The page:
Saturday, January 10, 2009

The Curious Case of Benjamin Button (2008)

The Curious Case of Benjamin Button (David Fincher, 2008)

It's easy to get swept away by one's curiosity of the unique condition of Benjamin Button (played by Brad Pitt who is apt for what essentially is an iconic role, giving the character the same visual presence he contributed to Andrew Dominik's The Assassination of Jesse James by the Coward Robert Ford (2007) as the infamous criminal) and that condition's repercussion to his life, particularly to his romance with Daisy (Cate Blanchett, who infuses the picture with incandescent humanity), his childhood friend. At first, David Fincher's The Curious Case of Benjamin Button seems to be traversing the road most travelled, concerning itself primarily with the afflicted protagonist and his fated lover to the point of melodramatic tedium (like similarly themed films like Ron Howard's treacly A Beautiful Mind (2001) and Robert Zemeckis overpraised Forrest Gump (1994)). Fortunately, Fincher uses the intriguing premise just enough to reel us into his fascinatingly detailed world, which in my opinion, is far more curiouser and far more intriguing than Benjamin Button's fantastic aging process.

As soon as we're hypnotized by the painful complexities of Benjamin Button's bizarre life and romance, Fincher posits his weighty observations on the inevitability of time's passing and the quiet majesty of singular moments in the larger expanse of time. A moment can change a lifetime. This is something Fincher belabors when he narrates the little actions, mostly insignificant moments in a parcel of time that is shared by everyone in the universe, that led to Daisy's horrific accident. Daisy's accident would then lead to her humbling, and finally into Benjamin's arms, and then into a lifetime painfully shared in waiting and anticipating.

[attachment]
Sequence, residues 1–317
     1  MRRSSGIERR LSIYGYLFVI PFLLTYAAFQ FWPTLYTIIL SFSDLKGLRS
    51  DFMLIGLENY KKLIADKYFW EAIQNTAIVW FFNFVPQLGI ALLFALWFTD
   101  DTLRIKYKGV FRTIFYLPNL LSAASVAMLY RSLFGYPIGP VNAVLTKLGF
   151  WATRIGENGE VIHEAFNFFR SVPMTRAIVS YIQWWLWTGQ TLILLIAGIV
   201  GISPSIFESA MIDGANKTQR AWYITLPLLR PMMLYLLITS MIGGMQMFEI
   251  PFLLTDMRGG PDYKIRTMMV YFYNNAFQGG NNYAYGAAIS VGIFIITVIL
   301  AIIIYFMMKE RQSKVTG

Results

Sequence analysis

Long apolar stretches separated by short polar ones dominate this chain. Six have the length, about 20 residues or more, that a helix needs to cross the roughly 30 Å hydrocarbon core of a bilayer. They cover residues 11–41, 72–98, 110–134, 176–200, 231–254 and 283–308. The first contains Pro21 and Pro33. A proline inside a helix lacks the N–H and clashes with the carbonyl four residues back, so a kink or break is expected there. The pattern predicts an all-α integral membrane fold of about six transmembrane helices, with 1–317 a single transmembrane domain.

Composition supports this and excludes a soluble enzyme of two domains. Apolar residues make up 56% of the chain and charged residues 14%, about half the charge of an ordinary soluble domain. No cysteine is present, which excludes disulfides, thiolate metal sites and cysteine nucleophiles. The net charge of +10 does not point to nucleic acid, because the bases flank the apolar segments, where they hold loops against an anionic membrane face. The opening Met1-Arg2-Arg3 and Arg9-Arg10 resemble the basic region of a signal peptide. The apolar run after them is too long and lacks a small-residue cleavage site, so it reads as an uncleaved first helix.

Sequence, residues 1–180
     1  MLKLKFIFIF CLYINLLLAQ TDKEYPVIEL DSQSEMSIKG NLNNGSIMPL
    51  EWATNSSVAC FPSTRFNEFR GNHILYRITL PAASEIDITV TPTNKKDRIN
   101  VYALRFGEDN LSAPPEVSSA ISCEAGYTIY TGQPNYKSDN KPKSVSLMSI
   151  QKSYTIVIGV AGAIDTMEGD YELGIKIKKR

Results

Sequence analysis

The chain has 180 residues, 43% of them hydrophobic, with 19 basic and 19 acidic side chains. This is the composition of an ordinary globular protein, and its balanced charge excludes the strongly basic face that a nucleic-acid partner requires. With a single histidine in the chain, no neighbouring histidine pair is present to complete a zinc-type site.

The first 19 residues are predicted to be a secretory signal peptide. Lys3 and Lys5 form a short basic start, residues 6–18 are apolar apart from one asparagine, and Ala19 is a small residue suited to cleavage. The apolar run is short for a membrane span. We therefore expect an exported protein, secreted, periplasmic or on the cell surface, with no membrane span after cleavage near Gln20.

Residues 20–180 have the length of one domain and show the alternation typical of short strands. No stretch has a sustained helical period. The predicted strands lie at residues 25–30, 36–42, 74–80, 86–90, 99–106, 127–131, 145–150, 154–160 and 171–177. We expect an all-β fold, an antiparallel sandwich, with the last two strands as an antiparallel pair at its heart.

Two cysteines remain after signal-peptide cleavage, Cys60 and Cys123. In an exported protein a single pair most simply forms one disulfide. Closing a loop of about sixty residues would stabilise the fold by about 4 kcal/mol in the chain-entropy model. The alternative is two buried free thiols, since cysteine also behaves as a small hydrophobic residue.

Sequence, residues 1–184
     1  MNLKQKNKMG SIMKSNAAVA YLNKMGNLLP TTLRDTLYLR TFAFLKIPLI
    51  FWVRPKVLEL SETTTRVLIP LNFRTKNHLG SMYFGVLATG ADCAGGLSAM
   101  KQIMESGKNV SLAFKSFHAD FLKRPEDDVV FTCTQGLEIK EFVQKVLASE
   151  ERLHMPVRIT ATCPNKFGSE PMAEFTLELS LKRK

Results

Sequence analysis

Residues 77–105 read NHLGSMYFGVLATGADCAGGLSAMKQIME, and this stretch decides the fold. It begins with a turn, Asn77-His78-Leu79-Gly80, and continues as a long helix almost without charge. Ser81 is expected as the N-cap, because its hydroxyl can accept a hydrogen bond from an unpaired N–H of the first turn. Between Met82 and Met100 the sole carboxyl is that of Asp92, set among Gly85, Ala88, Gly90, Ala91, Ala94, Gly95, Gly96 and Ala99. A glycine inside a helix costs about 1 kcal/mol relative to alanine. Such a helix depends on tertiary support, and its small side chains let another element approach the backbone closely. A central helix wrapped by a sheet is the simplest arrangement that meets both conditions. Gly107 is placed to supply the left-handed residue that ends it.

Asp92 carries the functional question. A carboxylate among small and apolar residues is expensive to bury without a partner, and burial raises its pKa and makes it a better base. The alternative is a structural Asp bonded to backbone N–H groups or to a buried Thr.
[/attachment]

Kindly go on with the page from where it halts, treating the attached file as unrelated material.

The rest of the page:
The Curious Case of Benjamin Button covers the entirety of Benjamin's lifetime. It is a lifetime that is spent on waiting. Benjamin, along with the multitude of people he meets, are mere passive components of history. They enter and exit moments in history for the sole reason of time's eventual passing, inactively anticipating until history catches up with them: as with Benjamin's sojourn in Russia where years of tugboating are interrupted by the arrival of the Second World War, and months of quiet floating in sea are ended by an encounter with an enemy submarine.

On aspects of their lives that are much more personal and intimate, there really isn't much difference in the way moments punctuate what essentially are static lives. We watch Benjamin Button as he patiently waits
to grow young, for Daisy to love him, for death. We observe the people affected by Benjamin like Daisy biding her time, who grows from curious little girl to sexual creature to regretful mother; or Elizabeth Abbott (Tilda Swinton), the bored wife of a British spy, whose nightly vigils inside a Russian hotel transform into passionate nightcaps with Benjamin; or Thomas Button (Jason Flemyng), Benjamin's reluctant father, as he watches from afar as Benjamin grows from aged baby to a handsome man.